Based on long-standing and straight-forward principles of statutory interpretation, Petitioners argued that instrumentalities should either be an actual part of the foreign government, or, at a bare minimum, perform core traditional governmental functions. The Government has lobbied for, and received from the Eleventh Circuit, an unacceptably broad interpretation of the term “instrumentality” that expands the reach of the statute to include partially state-owned or state-controlled enterprises that are not a part of any foreign  government, but whose employees could be considered “foreign officials” under the FCPA if they somehow fall into one or more of the court’s open-ended definitional options. Demonstrating the illogic of the Eleventh Circuit’s approach, consider that under its statutory construction, a janitor working for U.S. Government subsidized General Motors could qualify as a “foreign official” if General Motors were located overseas.

Prosecutorial discretion is one thing, but permitting the Government to take a “we-know-it-when-we-see it” approach to FCPA enforcement violates basic constitutional protections. In fact, the scope of the Government’s enforcement efforts have broadened to the point that even former Assistant Attorney General Breuer conceded the uncertainty—and the breadth of the Government’s interpretation—of who is a “foreign official” under the FCPA:

[C]onsider the possible range of ‘foreign officials’ who are covered by the FCPA: Some are obvious, like health ministry and customs officials of other countries. But some others may not be, such as the doctors, pharmacists, lab technicians and other health professionals who are employed by state-owned facilities. Indeed, it is entirely possible, under certain circumstances and in certain countries, that nearly every aspect of the approval, manufacture, import, export, pricing, sale and marketing of a drug product in a foreign country  will involve a ‘foreign official’ within the meaning of the FCPA.

The Government’s excessively broad (and now judicially sanctioned) interpretation of who is considered to be a “foreign official” stands in direct contrast to the stated purpose of the FCPA, namely, to prohibit payments to a “narrow recipient category of traditional government officials performing official or public functions.” Decl. of Professor Michael J. Koehler In Support of Defendants’ Motion to Dismiss Counts One Through Ten of the Indictment in United States v. Carson, No. 8:09-cr-00077, ¶ 16(b) (C.D. Cal. Feb. 21, 2011).

Recognizing this untenable state of affairs, there has been widespread commentary and concern about the Government’s pursuit of “an increasingly expansive view of what makes an enterprise an ‘instrumentality’ of a foreign government, and, therefore, what makes employees of such enterprises ‘foreign officials.’” [...]  Professor Koehler, for his part, has noted that no FCPA element “is more urgently in need of judicial scrutiny than the FCPA’s ‘foreign official’ element.” Michael J. Koehler, The Façade of FCPA Enforcement, 41 Geo. J. Int’l L. 907, 916 (2010).”

Elsewhere, the petition states, in pertinent part, as follows.

“In light of the Government’s recent increased enforcement action, and the span of time it has taken for just one federal appellate court to interpret this core statutory term, the time is now ripe for this Court to settle the meaning of instrumentality under the FCPA. This Court should not defer answering the question presented in this Petition until additional federal appellate courts reach conflicting decisions regarding whether state-owned enterprises are instrumentalities under the FCPA. By that time, the Government will have brought many more prosecutions or enforcement actions involving payments made, or benefits provided, to individuals who are not traditional government officials. Individuals and companies around the globe will be left to wonder whether the Government will unilaterally declare their conduct criminal. This Court should, therefore, settle the question of the meaning of “instrumentality” to clarify which of those enforcement actions Congress intended to sanction under the FCPA, and which it did not.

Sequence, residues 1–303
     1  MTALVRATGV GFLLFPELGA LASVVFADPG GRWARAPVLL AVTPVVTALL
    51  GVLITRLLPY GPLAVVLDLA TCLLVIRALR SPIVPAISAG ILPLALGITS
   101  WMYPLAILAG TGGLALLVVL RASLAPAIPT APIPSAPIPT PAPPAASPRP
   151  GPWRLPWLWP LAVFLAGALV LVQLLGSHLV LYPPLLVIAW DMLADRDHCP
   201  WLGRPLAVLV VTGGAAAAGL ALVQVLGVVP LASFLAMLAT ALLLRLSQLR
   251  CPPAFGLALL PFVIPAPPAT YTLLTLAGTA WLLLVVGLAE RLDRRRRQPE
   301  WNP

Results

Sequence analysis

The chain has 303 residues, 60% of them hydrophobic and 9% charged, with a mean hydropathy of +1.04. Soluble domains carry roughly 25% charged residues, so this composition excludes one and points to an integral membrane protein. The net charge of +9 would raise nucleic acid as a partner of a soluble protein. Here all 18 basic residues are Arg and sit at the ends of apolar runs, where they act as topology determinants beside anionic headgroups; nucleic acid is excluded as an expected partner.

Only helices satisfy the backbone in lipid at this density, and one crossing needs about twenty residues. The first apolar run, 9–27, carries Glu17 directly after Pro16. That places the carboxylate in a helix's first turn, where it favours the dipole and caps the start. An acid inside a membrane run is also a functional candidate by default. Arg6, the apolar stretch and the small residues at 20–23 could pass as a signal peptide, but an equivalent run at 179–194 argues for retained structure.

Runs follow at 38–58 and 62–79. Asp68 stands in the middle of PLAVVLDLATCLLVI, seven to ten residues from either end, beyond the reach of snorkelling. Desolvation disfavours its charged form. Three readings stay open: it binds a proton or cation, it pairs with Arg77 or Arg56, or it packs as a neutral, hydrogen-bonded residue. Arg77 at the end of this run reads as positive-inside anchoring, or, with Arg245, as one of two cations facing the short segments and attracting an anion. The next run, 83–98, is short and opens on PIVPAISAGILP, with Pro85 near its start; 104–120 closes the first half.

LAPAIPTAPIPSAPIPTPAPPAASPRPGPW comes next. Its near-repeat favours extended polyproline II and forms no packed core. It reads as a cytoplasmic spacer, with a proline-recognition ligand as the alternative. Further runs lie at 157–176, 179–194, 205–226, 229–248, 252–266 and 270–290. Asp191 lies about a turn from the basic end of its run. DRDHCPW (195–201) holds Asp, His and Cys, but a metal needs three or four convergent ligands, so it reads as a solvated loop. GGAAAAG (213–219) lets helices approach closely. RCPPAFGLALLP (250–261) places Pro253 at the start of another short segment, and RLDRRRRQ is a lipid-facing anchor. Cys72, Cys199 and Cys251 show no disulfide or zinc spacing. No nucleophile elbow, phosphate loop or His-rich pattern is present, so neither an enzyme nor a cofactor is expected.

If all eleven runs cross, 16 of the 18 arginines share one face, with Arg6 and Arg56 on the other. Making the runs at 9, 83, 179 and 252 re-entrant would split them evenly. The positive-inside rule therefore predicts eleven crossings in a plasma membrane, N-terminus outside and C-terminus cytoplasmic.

What is more, an acceptable answer to the definitional challenge lies near at hand. Congress is certainly capable of enacting language that applies to state-owned or state-controlled enterprises when it intends to do so. When Congress enacted the Foreign Sovereign Immunities Act (FSIA), for example, it specifically included within the definition of “agency or instrumentality of a foreign state” entities a “majority of whose shares or other ownership interest is owned by a foreign state or political subdivisions.” 28 U.S.C. § 1603(b). The presence of such an explicit definition in FSIA indicates that Congress knew how to include such language in the FCPA, but chose not to include it.

[...]

That absence is significant here and warrants construing “instrumentality” as excluding state-owned or state-controlled enterprises that are not political subdivisions and that do not perform core, traditional governmental functions. See Dole Food Co. v. Patrickson, 538 U.S. 468, 475-76 (2003) (contrasting the absence of language in FSIA with that used in other statutes and concluding that the absence of language was instructive). With regard to the FCPA, “[i]f Congress desires to go further . . . it must speak more clearly than it has.”

*****

A previously disclosed, I have provided pro bono expert services to pro bono defense counsel in this case.

Posted by Mike Koehler at 12:05 am. Post Categories: Carlos RodriguezForeign OfficialJoel EsquenaziSupreme Court